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the burqa and otherface coverings in public, citing security concerns. saying it was a sign of religious extremism. rights groups say though anti—muslim sentiment is not new in sri lanka, recent government policies and proposals have been openly hostile towards the minority community. they point out that instead of taking action against those who spread hate speech, the government actually rewards them. he is a buddhist monk known for his anti—muslim comments and is now heading a government legal reform community. legal reform commitee. community leaders say this appointment itself is a slap in the face of what are facing. more than 500 christians groups have been operating in this country with the aim of creating religious problems. where are islamic groups were ardent is leading were ardent in leading the youth of this country. i am talking about issues which have been overlooked by those in responsible positions.
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the government strongly rejects allegations that it is unfairly treating the muslim community. there is no institutionalised, systematic system of policyl of discrimination against any. community but i admit the fact that there are big problems faced by all communities. l including the sinhalese. sri lanka's economy is going through a turbulent period. there is a growing discontent against the spiralling cost of living. muslims don't want to be made a scapegoat to deflect the attention. now — let me make you smile before we go. the emotional reunion of two brothers who were separated by the partition of india — 7a years ago. muhammad siddique and habib, last saw each other in 1947, when british rule ended in india and it was divided into two independent nation states — india and pakistan. incredible — heart warming
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scenes as they met in kartarpur in pakistan. for some of us it's going to be a very foggy start to friday, if you're planning to travel through the morning, take it steady particularly across parts of wales, central and southern england. but for most of us, it should be a sunny start to the day. brought by this area of high pressure which is been hanging around for quite a while. windless conditions too but quite a contrast for the uk and in fact, the breeze is just about coming off the atlantic, across scotland so frost free here and frost free generally for northern ireland too. the frost will be across southern half of england and wales and minus four degrees in a few spots here, it's also where the fog is going to be forming in the centre of this high pressure here and some of that fog will linger into the afternoon but as i say for most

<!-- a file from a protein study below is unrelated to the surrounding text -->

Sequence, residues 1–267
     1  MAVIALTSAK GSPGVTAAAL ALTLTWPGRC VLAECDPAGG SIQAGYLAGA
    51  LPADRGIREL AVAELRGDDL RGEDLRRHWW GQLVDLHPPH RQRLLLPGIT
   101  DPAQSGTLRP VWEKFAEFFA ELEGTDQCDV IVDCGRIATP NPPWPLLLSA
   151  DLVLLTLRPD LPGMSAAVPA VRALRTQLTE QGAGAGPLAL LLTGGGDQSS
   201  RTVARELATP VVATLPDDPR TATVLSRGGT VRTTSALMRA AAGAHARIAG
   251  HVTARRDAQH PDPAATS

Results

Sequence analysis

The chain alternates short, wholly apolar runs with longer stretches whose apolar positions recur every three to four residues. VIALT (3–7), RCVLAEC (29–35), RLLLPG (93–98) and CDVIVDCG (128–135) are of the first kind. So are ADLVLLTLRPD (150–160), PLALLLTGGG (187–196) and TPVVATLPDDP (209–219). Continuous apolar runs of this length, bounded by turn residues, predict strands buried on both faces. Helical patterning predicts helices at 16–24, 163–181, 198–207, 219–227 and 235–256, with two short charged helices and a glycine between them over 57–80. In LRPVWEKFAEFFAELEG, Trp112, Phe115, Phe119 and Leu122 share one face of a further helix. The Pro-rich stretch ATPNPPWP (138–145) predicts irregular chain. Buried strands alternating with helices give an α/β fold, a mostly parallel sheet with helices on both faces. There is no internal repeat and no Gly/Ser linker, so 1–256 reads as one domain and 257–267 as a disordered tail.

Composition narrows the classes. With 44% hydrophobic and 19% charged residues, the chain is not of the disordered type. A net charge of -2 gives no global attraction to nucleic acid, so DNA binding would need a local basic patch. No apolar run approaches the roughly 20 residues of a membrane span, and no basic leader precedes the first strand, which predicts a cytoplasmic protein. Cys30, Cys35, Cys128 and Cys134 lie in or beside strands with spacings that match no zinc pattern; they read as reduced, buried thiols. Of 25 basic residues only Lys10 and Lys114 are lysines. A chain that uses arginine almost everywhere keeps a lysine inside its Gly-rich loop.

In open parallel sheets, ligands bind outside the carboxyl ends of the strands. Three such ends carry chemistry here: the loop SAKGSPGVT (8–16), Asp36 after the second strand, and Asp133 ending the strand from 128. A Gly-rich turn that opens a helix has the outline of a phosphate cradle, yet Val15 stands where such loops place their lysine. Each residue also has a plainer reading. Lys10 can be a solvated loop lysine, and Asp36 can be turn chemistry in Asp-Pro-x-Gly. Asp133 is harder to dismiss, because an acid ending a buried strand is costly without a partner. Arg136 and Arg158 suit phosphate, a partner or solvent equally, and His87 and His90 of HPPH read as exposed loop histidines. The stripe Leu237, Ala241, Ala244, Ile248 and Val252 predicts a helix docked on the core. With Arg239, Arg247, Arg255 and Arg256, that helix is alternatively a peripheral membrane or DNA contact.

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of us, it is a sunny day. the problem of the high pressure and the windless conditions in london in the southeast will be the pollution. it sometimes happens when you get these very stable conditions with the light winds and the pollutants get trapped in the atmosphere. but for friday, be for london in the southeast. it is a bright day for many of us of us of fresh air and temperatures around five or seven degrees. more of fresh air and temperatures around five or 7 degrees. more of a breeze on saturday which means that some of these pollutants will be blown away, so not quite so bad in the sight of these. and the weather most of the we are going to start off on a foggy note once again and particularly across central and southern parts of england and wales. more of a south—westerly breeze here i think in scotland and northern ireland, so a bit more cloud here and in fact, there's a weather front approaching in a bit of a nuance in a weather heading for the north of the country and a week whether front which will bring
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some spots of rain into sunday for scotland and then eventually some spots of rain on sunday morning in the north of england as this weather front topples around this area of high—pressure that we have in the south. temperatures of ten degrees in london, for some it will be around eight or so. let us summarise all of that. watch out for the fog and on friday morning, quite nasty in places but then after that, the weather isn't looking too bad at all. very stable, weather to come in the coming days.